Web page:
John Wesley’s Early Life
Discover the roots of Methodism by exploring the early life of John and Charles Wesley. Hear more about their childhood in Epworth, their education in London and Oxford. Learn about their time in America and discover how coming to faith in Jesus led them to feel called to preach in the open-air in Bristol.
to how faith in a God of love transformed the Wesleys
What was life in Bristol like in the eighteenth century? What challenges did John Wesley face? Explore the stark contrast between rich and poor, and discover the story of the New Room housekeeper Sarah Perrin. Reflect on the brutality of the city’s involvement in the slave trade with stories from Scipio Africanus and Olaudah Equiano.
to the story of New Room housekeeper Sarah Perrin
Building a New Room
Find out why the New Room is known as a ‘Light in the City’. Hear about the laying of the foundation stone, the early uses of the building, and discover Wesley’s other preaching locations around Bristol.
to how the New Room came to be in the Horsefair
Early Methodist Preachers
Come and see how Methodism went nationwide. Delve into facts and figures in our interactive apple tree, hear stories of mob violence towards Methodist preachers and read the story of John Wesley’s lost love Grace Murray.
to a description of how Methodists were attacked by the mob
Taking the Gospel Overseas
Explore the lives of key figures in the Methodist movement overseas; George Whitefield, Thomas Coke, Thomas Webb and Francis Asbury. Don’t miss Captain Webb’s eye patch and Coke’s ordination certificate! Take a closer look at early Methodist missions to America and Africa.
to Benjamin Franklin's account after hearing Whitefield preach
In this room you’ll discover John Wesley’s thoughts on education and the growth of Methodist education worldwide. Learn more about Wesley’s books, letters and journals in our interactive pull-out display. Look out for Wesley’s shoe buckles and the story behind why he once went barefoot in class!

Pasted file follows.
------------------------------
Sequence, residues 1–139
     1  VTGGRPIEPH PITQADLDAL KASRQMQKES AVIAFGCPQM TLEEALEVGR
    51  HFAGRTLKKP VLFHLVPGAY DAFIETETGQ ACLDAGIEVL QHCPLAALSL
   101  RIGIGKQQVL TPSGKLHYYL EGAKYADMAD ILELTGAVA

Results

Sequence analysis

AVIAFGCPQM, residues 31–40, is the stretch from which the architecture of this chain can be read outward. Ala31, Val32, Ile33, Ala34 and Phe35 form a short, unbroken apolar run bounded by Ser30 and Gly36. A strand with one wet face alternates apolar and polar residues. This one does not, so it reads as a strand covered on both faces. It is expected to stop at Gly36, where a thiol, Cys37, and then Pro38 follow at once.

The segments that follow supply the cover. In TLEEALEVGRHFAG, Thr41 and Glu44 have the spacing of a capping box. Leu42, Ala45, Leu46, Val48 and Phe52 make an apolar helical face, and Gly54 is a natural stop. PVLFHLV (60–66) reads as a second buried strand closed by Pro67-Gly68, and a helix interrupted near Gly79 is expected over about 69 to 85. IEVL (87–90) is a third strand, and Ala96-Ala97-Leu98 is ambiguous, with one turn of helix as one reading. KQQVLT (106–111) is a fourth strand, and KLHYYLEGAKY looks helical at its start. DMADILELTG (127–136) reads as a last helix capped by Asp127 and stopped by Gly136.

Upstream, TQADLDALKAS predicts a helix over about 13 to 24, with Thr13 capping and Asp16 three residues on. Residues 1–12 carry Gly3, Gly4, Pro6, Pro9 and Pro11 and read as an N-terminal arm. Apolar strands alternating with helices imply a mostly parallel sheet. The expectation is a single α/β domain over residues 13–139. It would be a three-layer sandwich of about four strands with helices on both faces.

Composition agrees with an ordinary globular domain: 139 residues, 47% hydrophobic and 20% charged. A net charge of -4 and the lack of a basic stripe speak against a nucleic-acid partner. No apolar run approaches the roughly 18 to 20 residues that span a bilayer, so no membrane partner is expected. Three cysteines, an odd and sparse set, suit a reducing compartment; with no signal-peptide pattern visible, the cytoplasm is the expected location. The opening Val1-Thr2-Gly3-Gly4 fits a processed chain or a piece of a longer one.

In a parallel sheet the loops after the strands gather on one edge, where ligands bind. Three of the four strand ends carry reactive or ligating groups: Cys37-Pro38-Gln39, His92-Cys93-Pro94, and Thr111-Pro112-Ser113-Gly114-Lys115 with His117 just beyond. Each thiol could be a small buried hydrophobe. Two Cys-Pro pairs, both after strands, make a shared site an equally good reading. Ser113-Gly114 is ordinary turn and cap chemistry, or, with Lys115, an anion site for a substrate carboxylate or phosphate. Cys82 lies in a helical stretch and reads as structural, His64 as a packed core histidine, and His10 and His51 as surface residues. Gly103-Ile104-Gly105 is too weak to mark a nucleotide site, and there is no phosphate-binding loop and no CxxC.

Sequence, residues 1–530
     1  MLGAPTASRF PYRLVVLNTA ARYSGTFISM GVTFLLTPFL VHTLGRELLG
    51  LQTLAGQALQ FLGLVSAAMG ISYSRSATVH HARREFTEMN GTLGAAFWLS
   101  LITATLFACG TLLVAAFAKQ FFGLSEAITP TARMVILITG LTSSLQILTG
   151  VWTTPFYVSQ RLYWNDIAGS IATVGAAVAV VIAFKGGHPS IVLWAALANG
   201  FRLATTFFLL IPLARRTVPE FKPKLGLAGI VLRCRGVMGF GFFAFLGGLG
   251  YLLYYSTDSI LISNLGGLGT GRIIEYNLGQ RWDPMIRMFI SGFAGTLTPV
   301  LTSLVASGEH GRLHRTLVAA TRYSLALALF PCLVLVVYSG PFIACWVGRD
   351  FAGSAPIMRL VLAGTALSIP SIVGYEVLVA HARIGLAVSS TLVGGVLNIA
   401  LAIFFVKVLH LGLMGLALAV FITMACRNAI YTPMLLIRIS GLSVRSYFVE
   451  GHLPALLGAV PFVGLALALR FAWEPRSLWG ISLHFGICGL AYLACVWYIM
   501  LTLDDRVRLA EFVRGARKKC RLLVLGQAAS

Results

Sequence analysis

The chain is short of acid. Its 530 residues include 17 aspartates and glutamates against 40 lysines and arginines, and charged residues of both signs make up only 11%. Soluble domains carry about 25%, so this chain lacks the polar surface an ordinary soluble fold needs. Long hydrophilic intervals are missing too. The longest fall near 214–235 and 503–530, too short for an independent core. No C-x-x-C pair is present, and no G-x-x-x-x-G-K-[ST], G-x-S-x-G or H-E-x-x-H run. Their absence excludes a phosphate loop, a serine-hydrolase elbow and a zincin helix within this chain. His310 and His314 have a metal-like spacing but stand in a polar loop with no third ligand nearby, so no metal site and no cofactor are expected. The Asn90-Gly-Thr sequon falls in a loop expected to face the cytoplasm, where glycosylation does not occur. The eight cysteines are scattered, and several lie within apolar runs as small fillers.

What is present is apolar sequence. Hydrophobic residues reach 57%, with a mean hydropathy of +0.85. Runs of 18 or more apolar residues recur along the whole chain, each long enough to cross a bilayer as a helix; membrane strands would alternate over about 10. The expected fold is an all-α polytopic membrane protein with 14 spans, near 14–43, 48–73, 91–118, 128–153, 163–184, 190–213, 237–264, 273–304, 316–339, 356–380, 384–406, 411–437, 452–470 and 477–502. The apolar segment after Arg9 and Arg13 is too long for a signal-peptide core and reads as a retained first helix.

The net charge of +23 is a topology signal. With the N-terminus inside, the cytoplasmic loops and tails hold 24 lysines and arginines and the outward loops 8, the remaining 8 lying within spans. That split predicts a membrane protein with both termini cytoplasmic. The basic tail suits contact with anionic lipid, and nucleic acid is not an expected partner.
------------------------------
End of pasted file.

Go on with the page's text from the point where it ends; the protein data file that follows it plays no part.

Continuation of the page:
to a student's account of his education at Kingswood School
What was the purpose behind building rooms above the chapel? How many of his own preaching rules did Wesley break? What was Wesley’s advice for our health and wellbeing? Find the answers to these and more in our museum common room. Enjoy the oil paintings, marvel at the variety of Wesley ceramics and see a chair sculpted from an elm tree. Don’t miss the New Room membership books; they are the earliest records we have of those coming to the New Room.
to what Wesley had to say about open-air preaching
John Wesley’s Study and Bedroom
Have a close look at personal items belonging to John Wesley in his study. See his letter opener and seal, and his riding crop. View an early edition of Wesley’s Primitive Physick book on health and wellbeing which sold over one million copies!
Step into the bedroom of John Wesley, see his bed and a replica of his preaching gown. Stand next to a statue of Wesley built to his exact height and find out why he preferred standing up to write his letters.
to a description of John Wesley's Study and Bedroom
Wesley Family Room
Play Charles Wesley’s hymns, and discover just how passionate and prolific he was as a hymn writer. Find out more about his family life here in Bristol; see his wife Sarah’s guitar and the key to their home in Charles Street. Don’t miss the Tonga hymn book which is covered in the fabric of Captain Cook’s coat!
to extracts of letters from Charles Wesley to his wife Sally
Learn about Wesley’s view on war and find out just how early Wesley opposed slavery. Hear about how he mentored William Wilberforce and discover the story of the Calabar princes who were sold into slavery and brought to the New Room where members campaigned for their freedom. Don’t miss the Josiah Wedgwood anti-slavery medallion!
to extracts from Wesley's Thoughts upon Slavery
Spend time in this room discovering what Methodism has the say about caring for God’s creation, empowering the individual, the role of women and consumerism. Watch the animation video created by local primary school children and reflect on just how relevant Wesley’s principles are for our lives today.